An Edinburgh food delivery cyclist working for Uber Eats and Just Eat says she has been logging on to work for 60 hours a week, but has only been making £100. Alice Barker also said that with restaurants not allowing delivery riders to use their bathrooms during the coronavirus outbreak, she has resorted to trying not to drink any water during her shifts.
Barker told the BBC that with many restaurants closed and people often preferring to prepare food at home, there has been a shortage of work.
As she is paid per delivery, not per hour, this has had a significant impact on her earnings.
“If I’m waiting for an order and I don’t get one, then I’m not earning any money at all,” she said.
"A lot of people do assume that we are much busier now, but certainly for a lot of the push bikes, we're really struggling to make ends meet.
"The demand has just completely floored. Definitely a lot of the restaurants being closed has had an impact, and I think with people being at home, they are spending more time cooking and being at home.”
She added: "I've been logging on for over 60 hours a week, to get £100. I maybe wasn't even making that at the start of lockdown."
She said she was busier when KFC reopened. “I maybe made about £130 that week.”
Food chain workers, including those involved in delivery, have been classed as key workers during the coronavirus outbreak.
However, Barker says that while her employers have pushed for this, it isn’t reflected in her working conditions.
“We should not be having to work for that kind of time to make a living,” she said.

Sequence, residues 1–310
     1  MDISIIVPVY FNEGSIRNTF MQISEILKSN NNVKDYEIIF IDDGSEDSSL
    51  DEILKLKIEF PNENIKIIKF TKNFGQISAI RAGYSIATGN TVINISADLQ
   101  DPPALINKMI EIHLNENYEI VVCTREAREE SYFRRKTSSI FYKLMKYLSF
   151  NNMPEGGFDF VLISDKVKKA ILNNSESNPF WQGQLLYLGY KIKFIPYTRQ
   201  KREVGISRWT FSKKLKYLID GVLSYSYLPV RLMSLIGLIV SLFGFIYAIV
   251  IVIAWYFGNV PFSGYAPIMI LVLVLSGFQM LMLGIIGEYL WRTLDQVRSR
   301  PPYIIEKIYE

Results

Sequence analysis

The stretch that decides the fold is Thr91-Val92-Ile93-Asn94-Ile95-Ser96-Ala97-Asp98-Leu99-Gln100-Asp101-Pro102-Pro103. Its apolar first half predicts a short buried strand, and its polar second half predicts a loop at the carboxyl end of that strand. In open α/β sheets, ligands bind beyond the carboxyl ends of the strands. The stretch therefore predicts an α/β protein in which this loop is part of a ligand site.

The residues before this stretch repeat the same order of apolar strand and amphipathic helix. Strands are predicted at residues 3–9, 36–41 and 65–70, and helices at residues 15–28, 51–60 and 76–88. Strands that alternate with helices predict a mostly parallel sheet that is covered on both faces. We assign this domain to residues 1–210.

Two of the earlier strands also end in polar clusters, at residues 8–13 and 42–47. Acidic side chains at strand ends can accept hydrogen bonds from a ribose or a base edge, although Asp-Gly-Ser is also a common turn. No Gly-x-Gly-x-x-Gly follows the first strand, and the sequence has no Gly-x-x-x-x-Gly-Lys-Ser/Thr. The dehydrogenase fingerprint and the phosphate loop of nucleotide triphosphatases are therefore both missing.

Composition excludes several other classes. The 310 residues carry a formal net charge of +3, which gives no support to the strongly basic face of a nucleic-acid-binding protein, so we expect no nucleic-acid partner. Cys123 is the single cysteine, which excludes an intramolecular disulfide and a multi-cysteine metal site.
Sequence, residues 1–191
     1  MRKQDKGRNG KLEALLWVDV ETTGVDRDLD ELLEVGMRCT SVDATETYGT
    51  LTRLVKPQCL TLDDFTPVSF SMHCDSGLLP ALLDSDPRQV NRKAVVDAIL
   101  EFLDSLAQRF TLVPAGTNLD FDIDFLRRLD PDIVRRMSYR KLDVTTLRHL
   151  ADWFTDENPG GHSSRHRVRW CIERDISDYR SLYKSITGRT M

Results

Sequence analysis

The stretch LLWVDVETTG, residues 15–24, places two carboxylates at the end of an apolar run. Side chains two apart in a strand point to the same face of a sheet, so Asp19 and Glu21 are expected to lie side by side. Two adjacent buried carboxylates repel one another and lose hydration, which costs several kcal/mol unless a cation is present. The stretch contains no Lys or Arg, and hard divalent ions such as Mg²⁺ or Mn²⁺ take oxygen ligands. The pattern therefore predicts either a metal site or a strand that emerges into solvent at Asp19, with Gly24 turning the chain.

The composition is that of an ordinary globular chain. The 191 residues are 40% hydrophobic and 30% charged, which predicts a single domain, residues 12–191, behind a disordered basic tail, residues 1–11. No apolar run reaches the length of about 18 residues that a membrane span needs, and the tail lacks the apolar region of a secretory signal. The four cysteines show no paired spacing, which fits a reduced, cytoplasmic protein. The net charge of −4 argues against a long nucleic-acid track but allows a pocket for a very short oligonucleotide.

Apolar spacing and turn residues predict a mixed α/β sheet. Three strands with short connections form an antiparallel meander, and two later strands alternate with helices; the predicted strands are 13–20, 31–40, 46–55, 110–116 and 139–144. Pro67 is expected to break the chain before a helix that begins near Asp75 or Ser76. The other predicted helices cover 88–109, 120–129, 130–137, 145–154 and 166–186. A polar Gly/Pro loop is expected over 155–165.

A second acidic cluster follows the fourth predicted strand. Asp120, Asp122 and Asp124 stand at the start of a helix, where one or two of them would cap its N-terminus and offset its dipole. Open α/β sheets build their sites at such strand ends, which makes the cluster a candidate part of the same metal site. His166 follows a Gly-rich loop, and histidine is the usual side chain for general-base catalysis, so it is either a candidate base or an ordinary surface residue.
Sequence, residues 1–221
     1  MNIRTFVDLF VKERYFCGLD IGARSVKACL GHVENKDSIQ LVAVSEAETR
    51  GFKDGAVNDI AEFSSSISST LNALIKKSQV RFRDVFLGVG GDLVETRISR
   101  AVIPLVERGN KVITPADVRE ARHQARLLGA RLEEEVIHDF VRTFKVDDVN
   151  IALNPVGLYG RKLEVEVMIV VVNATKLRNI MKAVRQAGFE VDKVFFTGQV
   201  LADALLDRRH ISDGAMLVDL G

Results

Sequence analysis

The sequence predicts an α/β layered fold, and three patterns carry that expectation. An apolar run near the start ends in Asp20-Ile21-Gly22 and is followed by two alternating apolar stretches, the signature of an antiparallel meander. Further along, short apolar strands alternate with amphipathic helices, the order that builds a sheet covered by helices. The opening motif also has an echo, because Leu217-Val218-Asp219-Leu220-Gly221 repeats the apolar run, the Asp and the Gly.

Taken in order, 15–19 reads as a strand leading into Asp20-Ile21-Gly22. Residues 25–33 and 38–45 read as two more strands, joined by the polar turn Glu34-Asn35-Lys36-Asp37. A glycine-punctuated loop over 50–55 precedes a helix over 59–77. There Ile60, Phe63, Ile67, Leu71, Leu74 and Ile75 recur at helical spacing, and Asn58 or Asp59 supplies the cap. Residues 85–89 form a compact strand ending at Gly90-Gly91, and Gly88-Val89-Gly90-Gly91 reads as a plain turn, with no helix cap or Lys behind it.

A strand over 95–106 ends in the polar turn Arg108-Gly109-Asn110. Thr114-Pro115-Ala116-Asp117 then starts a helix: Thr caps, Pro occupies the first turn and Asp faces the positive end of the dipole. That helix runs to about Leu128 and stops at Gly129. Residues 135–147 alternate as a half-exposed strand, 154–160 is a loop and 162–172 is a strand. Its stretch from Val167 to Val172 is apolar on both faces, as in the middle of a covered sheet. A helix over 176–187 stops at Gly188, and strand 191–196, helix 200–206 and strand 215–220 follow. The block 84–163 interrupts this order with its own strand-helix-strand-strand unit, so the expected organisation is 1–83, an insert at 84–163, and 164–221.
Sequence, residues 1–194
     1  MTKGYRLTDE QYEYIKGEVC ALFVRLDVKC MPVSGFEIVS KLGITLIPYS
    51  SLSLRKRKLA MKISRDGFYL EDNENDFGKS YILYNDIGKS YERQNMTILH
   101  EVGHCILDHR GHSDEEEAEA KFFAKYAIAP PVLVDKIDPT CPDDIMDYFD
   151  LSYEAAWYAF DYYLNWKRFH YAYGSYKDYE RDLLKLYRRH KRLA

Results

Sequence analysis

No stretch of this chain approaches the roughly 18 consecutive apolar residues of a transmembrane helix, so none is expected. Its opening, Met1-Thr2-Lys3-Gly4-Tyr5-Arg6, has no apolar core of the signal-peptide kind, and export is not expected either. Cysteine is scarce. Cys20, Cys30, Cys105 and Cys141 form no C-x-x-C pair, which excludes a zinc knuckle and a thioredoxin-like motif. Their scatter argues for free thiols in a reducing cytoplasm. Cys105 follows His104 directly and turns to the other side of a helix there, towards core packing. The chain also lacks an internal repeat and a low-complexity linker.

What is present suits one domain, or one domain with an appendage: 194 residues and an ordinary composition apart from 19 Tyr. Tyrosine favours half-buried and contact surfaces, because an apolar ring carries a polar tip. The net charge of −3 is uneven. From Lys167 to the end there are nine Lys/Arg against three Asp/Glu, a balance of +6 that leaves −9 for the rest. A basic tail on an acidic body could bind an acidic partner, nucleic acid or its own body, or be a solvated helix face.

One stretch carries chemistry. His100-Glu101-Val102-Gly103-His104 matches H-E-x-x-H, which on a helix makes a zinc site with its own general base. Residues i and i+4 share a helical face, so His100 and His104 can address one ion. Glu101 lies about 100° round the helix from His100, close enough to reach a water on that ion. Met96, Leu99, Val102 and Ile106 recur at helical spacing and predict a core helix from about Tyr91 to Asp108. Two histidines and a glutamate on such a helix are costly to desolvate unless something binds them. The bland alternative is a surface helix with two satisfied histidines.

“These companies have all pushed for us to be classed as key workers. But it's really clear that this is about their interests, they haven't actually done anything to make us feel like we're key workers. We're actually quite disposable.
"It's just this weird feeling that we're key workers but no-one's actually looking after us. It feels like a really odd situation to be in."
She said that both Uber Eats and Just Eat had given advice on how to deliver in a socially distant way, but other than that there was a marked difference between what they’d said and what they’d actually done.
"They were going to give us some PPE – some masks and hand sanitiser. I know it's taken weeks for people to even get hold of any.
"And when they do arrive, we're being given single-use masks. How long are we meant to use that safely for?
"Also, with the restaurants, we're not able to just use the bathroom, whether that's to use the toilet or to wash our hands."
While the firms say they are offering sick pay should a delivery rider contract coronavirus, Barker points out these are the only circumstances where that would happen.
“Because we are classed as self-employed, we don’t have any access to sick pay if we were to become ill.
“They have said that they are providing sick pay if you get symptoms or you have to self-isolate, but the irony is that I could become ill for any other reason and I wouldn’t be able to access any sort of sick pay.”
A Just Eat spokesperson said: "We recognise that Covid-19 has brought huge uncertainty for many of the self-employed couriers in our network and have implemented a number of measures to help keep them safe.
"We've rolled out contact-free delivery procedures across our network, are supplying protective equipment to couriers and have asked all restaurants to keep hygiene facilities available to the couriers picking up their orders."
They also said the masks supplied to couriers were reusable.
An Uber Eats spokesperson said: "The safety of everyone using the Uber Eats app and preventing the spread of Covid-19 is a top priority.
"In the UK, Uber Eats has introduced a number of measures including contactless delivery as well as distributing over one million masks to drivers and couriers and over 50,000 hand sanitisers to couriers using the Uber Eats app."